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Omotara James
Omotara James

Half Girl, Then Elegy

Recorded for Poem-a-Day January 23, 2019.
About this Poem 

“As I go along my daily business of being a woman, I continue to be surprised by how the world defines me: by what I am no longer. From a position of transitional and unfixed womanhood, I was drawn to the metaphorical conceit of a great fall. The chosen image of the sky feels more appropriate than say, a rabbit hole, because girlhood is a pilgrimage we make in the open. Maybe the poem works to challenge the concept that girlhood is finite. Maybe it can’t. The rhythm of the poem attempts to capture this slippage while turning on the homonymy of have and halve. For me, one of the surprises of this poem is the interrogation between possession of and division from the self.”
—Omotara James

Half Girl, Then Elegy

Having fallen while no one was looking
Having borne what fell through
Having fallen early
/
Having barely fallen through myself
My luck, so close to catching,
Having caught the worst of it
/
Having fallen from the sky, and then
Through it. Having landed to realize
I had been part
/
Having parted the late sky, partly
Sky where I am delicate, I took
A tumble through the night bloom
/
I took the night with me as I tumbled,
Delicate with the infinite,
Which swells from the tallest branch
/
Having grown swollen
As low-hanging fruit, I tell Nadra,
I couldn’t help it—
/
The fresh heave of new breast
Thick switch of hip: a group
Of unnamed gifts is called a steal
/
She says, fruit you can reach is still
Precious. Her name means rare: her lean
Thins towards the unusual.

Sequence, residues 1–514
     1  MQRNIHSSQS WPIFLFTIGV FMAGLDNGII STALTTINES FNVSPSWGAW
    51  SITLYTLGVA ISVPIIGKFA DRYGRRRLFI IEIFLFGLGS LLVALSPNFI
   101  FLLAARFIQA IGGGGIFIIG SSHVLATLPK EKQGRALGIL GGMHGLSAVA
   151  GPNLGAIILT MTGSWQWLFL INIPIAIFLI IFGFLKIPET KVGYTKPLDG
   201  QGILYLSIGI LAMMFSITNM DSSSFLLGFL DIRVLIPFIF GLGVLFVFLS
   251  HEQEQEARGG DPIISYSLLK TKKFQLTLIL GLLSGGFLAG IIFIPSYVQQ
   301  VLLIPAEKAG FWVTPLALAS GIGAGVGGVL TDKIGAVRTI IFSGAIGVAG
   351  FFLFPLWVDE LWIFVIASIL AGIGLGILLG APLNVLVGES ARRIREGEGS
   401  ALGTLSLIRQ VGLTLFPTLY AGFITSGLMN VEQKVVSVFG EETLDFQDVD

/
In Lagos, we name our girls
Darling, Sincere, Precious, because
A name is a stake in the grave
/
Having grieved and taken and taken
On the way to Eros, Thanatos
Having arrived late to my own bloom:
 
 
Halve me like a walnut
Pry the part of me that is hollow
From the part that yields fruit.

Copyright © 2019 by Omotara James. Originally published in Poem-a-Day on January 23, 2019, by the Academy of American Poets.

Copyright © 2019 by Omotara James. Originally published in Poem-a-Day on January 23, 2019, by the Academy of American Poets.

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That's not been said a thousand times?

The new years come, the old years go,
We know we dream, we dream we know.

We rise up laughing with the light,
We lie down weeping with the night.

We hug the world until it stings,
We curse it then and sigh for wings.

We live, we love, we woo, we wed,
We wreathe our brides, we sheet our dead.

We laugh, we weep, we hope, we fear,
And that's the burden of the year.

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Before you know what kindness really is
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Before you know kindness as the deepest thing inside,
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only kindness that ties your shoes
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Be good, then better.  Write books.  Cure disease.
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